Of course, when you're young, when you're still in school, it makes sense to focus on what you're naturally good at, to make the fastest progress. And we do want everyone to meet the minimum technical standards for whatever task they're working on. But in the end, I think your effectiveness is derived from the product of your dimensions rather than the sum, meaning that you may easily benefit a lot more from getting your communication skills from 0 to 1, than from getting your math skills from 9 to 10. This does require a willingness to seek out your weaknesses, and work on what doesn't come easily to you, but it's a superpower that's available to everyone.

Overcoming Obstacles

  • What were things that you learned late, and would advise people to do early on in their careers?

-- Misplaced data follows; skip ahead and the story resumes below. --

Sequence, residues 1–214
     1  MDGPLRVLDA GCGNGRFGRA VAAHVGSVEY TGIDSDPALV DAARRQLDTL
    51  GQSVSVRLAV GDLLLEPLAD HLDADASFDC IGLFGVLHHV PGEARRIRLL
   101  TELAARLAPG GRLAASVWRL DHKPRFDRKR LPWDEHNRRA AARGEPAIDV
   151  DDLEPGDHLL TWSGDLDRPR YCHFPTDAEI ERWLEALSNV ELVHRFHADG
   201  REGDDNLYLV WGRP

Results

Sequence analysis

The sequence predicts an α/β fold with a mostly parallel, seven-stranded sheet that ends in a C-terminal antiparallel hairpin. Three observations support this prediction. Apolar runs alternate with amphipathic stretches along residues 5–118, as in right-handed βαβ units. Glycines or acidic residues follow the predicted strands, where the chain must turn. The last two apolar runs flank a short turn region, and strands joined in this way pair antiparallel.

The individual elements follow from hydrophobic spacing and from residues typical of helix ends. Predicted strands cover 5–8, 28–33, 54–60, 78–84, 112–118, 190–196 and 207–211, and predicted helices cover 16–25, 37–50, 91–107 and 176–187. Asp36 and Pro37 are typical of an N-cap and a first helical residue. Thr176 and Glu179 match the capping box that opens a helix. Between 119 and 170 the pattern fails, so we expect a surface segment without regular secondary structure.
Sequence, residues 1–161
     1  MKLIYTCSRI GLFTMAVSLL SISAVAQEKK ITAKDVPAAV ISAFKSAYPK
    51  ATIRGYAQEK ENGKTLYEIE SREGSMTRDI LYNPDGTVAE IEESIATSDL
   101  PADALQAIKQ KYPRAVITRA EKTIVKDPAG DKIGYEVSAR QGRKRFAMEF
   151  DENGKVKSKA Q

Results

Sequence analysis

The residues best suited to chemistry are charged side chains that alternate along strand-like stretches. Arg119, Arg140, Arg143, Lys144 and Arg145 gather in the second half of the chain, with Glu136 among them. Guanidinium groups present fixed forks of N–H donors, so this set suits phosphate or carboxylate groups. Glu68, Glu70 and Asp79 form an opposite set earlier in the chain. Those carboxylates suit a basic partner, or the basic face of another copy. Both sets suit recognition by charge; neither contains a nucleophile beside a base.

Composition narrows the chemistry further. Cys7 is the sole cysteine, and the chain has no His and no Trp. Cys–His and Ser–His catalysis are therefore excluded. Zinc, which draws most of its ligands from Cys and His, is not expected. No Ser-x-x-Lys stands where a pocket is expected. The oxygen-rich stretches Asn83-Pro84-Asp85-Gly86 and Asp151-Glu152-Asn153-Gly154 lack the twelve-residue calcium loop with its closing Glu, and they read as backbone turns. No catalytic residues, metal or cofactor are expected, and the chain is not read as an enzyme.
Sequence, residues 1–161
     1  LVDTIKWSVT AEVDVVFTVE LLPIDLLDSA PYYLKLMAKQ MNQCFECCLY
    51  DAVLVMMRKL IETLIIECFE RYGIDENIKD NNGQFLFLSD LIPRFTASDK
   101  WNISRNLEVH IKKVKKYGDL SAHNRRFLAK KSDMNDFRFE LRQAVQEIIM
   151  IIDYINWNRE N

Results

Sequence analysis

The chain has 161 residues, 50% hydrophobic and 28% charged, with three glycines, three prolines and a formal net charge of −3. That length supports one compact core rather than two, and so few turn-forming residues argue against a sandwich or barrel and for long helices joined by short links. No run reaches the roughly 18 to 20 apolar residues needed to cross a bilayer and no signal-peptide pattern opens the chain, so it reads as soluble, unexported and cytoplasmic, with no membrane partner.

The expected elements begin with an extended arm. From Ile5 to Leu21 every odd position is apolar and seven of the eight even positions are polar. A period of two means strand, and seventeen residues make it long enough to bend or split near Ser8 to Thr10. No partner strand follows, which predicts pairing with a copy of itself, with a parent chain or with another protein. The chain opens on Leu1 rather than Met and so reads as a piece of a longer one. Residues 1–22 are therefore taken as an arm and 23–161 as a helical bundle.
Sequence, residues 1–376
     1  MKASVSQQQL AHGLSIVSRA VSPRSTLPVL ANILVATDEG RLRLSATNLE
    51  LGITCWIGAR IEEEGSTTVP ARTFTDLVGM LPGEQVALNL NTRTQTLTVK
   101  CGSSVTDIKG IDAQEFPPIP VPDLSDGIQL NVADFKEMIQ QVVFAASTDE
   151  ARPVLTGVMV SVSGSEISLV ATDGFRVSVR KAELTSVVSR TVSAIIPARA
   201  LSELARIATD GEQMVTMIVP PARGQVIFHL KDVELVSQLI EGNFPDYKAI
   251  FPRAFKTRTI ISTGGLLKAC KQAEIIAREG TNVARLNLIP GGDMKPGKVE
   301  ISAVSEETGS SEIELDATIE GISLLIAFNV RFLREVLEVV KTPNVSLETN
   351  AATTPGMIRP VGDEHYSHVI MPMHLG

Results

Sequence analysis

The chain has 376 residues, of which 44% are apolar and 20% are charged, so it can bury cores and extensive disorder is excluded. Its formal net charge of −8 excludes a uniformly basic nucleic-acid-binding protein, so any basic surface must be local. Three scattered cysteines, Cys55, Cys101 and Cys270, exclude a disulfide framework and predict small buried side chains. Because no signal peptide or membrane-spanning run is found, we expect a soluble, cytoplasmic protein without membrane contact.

• In hindsight, which system that you worked on at Yelp are you least happy with today?

I'm combining these two questions into one.

Donald Knuth was right. Premature optimization is the root of all evil.

Long ago, I noticed that we were writing very similar SQL queries in a lot of our analysis, and built a system for writing these queries. That might have been okay if I kept it simple, but I wanted to make it more complete, and so it became more complicated, until I was building almost a new way of writing SQL. In the end, I think I used it myself a couple of times, and I don't know if anyone else used it. I believe it eventually just got deleted in the latest clean-up of our repo. I've heard of other people doing similar things, and not liking the result. Basically, you shouldn't try to invent a new way of writing SQL.